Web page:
Of the Canadian firms that responded to the fourth request of the Carbon Disclosure Project (CDP4), 77 percent indicated that climate change represented a matter of commercial risk, while sixty-three percent identified business opportunities related to climate change. Some firms expressly indicated that emissions management will be a competitive issue in the future and noted that firms with progressive policies in this area will have a competitive advantage, particularly in emissions-intensive sectors.
However, in terms of planning, only 36 percent of responding companies indicated they had a greenhouse gas reduction plan, and only one-fifth had established formal reduction targets with timelines.
In a recent survey by Hill & Knowlton, nearly two-thirds of respondents (62% in Canada) said their firm has not yet identified an energy strategy, even though energy prices and supply changes represent the major climate change-related risks and opportunities faced by businesses.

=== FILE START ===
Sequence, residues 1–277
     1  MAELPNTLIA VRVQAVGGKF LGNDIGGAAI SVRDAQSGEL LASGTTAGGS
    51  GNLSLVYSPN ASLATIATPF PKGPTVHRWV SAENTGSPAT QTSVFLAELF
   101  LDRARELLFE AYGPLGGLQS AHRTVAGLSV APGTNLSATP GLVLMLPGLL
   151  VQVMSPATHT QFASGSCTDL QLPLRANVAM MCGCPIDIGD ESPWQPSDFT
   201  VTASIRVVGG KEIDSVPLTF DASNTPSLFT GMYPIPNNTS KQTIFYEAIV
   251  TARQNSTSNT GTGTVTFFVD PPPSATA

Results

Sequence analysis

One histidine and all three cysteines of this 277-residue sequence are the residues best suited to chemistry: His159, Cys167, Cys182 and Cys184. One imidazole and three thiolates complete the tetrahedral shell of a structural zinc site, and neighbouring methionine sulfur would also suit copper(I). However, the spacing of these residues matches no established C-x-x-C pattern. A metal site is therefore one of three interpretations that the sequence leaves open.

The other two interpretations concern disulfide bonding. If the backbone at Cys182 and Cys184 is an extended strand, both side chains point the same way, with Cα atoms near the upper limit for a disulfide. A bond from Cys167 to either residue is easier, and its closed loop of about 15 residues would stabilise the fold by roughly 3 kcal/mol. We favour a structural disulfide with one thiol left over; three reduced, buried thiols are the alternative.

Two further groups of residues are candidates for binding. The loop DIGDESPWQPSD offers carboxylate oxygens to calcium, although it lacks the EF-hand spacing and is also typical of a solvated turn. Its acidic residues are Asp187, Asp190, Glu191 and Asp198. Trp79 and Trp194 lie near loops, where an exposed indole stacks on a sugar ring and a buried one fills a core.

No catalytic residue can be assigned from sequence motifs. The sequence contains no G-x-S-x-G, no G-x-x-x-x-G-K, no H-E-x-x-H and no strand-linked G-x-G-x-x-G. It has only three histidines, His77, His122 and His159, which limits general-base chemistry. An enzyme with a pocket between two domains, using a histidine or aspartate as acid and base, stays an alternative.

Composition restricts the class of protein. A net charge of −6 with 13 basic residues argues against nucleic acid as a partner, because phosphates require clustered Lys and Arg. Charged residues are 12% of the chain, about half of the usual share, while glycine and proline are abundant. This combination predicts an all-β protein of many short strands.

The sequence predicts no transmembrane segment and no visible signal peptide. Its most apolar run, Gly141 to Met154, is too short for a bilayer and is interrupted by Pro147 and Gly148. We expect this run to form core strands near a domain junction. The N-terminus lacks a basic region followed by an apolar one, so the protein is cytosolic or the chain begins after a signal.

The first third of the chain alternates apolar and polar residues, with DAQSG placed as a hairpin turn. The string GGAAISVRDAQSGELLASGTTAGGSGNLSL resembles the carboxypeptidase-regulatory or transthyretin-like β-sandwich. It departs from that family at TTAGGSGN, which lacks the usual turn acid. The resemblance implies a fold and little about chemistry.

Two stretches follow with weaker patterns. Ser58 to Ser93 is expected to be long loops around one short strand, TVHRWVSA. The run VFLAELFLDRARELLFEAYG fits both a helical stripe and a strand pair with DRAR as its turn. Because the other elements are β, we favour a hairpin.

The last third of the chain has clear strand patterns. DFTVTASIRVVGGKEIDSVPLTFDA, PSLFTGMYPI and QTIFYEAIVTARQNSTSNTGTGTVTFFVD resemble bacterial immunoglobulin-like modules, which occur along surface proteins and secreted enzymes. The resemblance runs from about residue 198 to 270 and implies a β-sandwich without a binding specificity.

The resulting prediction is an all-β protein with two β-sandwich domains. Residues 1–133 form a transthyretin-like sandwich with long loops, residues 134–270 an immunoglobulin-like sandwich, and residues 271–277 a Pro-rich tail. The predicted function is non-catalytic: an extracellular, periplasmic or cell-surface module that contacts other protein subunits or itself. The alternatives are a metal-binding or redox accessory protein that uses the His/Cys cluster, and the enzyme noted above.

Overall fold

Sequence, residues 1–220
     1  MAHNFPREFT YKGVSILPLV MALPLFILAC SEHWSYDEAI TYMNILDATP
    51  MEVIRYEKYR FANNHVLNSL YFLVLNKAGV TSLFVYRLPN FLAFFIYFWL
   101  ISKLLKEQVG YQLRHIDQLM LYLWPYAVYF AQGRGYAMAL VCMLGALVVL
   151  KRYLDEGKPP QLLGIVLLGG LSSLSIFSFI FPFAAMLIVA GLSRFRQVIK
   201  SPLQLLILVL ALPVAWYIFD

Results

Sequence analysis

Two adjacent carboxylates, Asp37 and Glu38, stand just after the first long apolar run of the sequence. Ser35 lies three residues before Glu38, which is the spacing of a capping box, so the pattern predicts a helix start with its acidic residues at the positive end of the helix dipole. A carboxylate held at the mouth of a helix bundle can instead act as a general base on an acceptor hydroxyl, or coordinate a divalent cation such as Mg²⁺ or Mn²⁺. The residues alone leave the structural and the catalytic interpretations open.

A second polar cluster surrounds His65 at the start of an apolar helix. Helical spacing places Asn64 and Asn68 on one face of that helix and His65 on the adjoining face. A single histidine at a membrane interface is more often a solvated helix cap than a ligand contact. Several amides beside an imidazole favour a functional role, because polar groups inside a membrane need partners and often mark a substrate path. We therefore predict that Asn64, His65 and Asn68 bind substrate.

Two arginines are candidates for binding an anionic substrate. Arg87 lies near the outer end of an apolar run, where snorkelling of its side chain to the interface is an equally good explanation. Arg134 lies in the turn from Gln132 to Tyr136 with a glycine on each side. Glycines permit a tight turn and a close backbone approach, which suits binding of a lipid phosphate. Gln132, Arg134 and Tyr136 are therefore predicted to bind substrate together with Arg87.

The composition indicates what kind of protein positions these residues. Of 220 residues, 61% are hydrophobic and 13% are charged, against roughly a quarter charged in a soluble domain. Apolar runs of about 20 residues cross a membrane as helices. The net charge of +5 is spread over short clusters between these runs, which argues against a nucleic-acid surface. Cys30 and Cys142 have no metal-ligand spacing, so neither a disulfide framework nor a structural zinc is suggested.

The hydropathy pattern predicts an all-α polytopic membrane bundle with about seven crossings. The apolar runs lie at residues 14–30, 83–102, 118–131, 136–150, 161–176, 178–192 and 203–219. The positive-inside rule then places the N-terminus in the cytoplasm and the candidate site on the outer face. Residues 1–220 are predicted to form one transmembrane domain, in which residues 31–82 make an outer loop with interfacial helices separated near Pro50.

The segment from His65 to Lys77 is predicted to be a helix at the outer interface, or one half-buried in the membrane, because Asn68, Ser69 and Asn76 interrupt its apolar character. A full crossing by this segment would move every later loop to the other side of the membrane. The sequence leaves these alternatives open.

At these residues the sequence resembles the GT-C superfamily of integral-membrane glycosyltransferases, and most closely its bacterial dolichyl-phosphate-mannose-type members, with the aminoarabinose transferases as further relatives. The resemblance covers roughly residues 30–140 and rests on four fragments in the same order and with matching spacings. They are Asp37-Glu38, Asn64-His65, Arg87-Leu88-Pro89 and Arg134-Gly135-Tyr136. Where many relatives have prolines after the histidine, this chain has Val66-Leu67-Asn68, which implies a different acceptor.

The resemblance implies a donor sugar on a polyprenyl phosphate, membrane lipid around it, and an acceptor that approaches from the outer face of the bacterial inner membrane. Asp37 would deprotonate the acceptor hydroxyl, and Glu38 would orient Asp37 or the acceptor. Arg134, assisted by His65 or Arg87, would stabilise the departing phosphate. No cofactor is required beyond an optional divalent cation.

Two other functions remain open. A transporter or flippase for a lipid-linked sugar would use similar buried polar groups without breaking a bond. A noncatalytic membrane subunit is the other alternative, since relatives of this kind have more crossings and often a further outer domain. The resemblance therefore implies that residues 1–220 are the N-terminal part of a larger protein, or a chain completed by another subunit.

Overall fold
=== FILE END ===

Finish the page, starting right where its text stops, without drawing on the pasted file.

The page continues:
When asked whether there was an emerging need to name a 'Chief Energy Officer' to implement a firm's energy strategy, more than three quarters (77%) agreed. In Canada, 34% of those polled said they 'agree a lot' with the need for a Chief Energy Officer, while 50% said they 'agree a little'.
As indicated by the Economist, the major factor delaying corporate action may be a lack of clear government regulation. Companies want to know how much they will be expected to cut emissions and what sort of costs and benefits will be realized.
However, the firms that have taken early steps to evaluate energy use and emissions, invest in projects to achieve reductions, and participate in the carbon trading market, will be better positioned to take advantage of regulations when they are introduced, as they recently have been in Canada.